Public trust in scientists is increasing in the US, NPR reports. But, as Wired notes, the level of that trust varies by individuals' political affiliation and scientific knowledge.
According to new Pew Research Center poll, 86 percent of US adults have at least "a fair amount" of confidence that scientists act in the public interest. That, the pollsters say, is higher than their confidence in elected officials or religious leaders and is even higher than their view of the military or school principals. It's also higher than in years past, as, in 2016, 76 percent of US adults said they had such confidence in scientists.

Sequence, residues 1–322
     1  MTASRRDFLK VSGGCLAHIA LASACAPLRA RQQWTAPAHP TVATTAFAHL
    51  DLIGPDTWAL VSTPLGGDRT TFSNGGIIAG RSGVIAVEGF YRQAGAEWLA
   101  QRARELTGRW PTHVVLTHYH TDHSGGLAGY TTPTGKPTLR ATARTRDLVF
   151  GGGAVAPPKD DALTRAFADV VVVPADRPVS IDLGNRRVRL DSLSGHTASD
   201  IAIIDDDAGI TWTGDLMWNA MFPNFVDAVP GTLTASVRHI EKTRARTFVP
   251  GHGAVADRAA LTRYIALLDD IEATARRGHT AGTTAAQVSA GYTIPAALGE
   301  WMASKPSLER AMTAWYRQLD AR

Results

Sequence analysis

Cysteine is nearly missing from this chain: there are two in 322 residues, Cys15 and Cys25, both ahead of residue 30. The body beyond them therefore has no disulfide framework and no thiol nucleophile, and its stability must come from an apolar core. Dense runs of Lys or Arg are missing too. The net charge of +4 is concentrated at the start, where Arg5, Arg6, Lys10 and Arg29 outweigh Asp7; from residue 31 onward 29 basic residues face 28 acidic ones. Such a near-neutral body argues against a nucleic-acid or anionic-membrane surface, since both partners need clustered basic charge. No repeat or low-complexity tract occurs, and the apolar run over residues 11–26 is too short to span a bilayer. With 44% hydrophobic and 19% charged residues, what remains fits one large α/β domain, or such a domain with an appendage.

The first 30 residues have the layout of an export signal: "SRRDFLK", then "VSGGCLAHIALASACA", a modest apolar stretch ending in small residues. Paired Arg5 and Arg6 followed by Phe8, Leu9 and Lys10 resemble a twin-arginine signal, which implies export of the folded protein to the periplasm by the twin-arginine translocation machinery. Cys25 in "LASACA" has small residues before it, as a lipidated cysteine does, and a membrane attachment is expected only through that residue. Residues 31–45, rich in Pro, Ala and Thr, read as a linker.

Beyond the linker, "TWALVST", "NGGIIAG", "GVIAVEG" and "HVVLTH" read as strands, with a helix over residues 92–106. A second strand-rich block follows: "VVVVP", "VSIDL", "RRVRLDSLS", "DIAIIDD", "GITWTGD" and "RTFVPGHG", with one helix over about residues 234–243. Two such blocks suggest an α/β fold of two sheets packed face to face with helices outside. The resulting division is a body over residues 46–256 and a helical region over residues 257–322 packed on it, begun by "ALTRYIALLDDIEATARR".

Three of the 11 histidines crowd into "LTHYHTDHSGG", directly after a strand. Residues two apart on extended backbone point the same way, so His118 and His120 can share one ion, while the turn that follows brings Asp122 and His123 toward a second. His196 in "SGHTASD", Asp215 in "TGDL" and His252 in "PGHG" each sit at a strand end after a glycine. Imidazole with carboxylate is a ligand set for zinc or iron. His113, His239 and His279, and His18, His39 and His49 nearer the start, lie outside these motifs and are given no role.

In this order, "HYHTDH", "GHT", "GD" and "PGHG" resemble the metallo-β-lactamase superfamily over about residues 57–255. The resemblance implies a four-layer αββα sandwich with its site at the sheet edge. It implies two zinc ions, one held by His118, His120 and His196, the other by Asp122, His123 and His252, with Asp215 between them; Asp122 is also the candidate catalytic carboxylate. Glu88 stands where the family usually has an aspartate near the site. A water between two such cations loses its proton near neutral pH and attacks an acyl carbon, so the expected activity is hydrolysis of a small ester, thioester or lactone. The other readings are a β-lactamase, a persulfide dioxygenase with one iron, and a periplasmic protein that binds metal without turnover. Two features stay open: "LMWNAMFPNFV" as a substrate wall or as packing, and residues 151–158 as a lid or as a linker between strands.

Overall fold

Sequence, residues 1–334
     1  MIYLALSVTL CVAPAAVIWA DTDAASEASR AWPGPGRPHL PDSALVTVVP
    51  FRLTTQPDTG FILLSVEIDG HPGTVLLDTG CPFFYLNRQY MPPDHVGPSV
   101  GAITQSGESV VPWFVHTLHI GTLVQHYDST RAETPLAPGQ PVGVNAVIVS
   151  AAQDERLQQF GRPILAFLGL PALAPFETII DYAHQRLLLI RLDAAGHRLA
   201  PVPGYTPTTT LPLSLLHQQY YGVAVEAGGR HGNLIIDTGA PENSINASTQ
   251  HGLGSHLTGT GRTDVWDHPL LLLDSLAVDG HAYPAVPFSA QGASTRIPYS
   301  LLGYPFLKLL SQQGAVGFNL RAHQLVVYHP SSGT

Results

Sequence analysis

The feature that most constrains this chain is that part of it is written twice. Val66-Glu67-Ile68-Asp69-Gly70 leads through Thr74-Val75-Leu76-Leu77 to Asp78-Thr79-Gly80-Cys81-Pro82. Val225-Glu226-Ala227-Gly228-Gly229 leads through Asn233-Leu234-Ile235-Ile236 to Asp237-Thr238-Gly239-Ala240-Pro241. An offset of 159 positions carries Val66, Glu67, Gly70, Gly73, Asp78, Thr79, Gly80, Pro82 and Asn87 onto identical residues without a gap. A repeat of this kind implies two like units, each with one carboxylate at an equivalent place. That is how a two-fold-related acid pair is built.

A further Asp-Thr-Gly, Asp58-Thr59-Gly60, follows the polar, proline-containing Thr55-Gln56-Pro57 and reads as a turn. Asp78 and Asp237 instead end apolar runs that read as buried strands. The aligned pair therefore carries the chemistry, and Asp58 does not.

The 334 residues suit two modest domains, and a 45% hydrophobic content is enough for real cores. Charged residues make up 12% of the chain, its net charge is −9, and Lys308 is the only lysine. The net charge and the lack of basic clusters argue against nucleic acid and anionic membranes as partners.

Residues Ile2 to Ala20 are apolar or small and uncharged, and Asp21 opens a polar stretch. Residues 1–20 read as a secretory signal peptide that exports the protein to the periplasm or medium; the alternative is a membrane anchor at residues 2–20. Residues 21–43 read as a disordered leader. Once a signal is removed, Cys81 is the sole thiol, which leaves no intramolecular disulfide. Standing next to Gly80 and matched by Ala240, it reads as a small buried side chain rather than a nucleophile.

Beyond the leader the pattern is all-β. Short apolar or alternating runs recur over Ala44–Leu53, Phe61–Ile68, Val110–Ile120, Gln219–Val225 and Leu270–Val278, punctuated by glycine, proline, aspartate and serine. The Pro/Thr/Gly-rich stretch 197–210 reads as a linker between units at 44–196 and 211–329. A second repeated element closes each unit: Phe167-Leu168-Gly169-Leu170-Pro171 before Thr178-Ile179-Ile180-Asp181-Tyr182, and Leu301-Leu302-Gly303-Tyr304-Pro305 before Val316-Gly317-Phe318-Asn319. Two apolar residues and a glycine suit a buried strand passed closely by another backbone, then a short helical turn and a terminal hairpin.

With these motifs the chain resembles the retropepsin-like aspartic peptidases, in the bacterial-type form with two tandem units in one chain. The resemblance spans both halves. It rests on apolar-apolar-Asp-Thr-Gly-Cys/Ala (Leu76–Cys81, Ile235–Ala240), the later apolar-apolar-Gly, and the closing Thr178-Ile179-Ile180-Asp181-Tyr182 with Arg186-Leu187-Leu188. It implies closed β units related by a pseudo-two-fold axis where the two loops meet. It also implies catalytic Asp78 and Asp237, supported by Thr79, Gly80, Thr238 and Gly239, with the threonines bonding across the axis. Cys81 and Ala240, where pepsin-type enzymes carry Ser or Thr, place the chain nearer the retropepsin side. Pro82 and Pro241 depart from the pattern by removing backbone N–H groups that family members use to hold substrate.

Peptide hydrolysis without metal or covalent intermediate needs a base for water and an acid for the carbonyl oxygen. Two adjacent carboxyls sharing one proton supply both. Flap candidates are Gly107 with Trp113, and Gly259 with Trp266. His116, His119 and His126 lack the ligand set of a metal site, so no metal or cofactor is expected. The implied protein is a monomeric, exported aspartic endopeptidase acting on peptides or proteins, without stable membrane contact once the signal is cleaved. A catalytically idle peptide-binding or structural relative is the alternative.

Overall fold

But report co-author Cary Funk from the Pew Research Center tells NPR that this "tends to be kind of a soft support."
Wired notes that people who identified as Republicans had less confidence in the scientific method and scientists' conclusions than those who identified as Democrats. Additionally, Democrats with a higher scientific knowledge were more likely to say they have a high degree of confidence in the scientific method, while there was a less pronounced distinction among Republican respondentsby scinetific knowledge.
Both Republicans and Democrats with higher scientific knowledge, though, were concerned about biases that may affect scientists' conclusions, the Guardian reports, noting that such worries were higher among Republicans.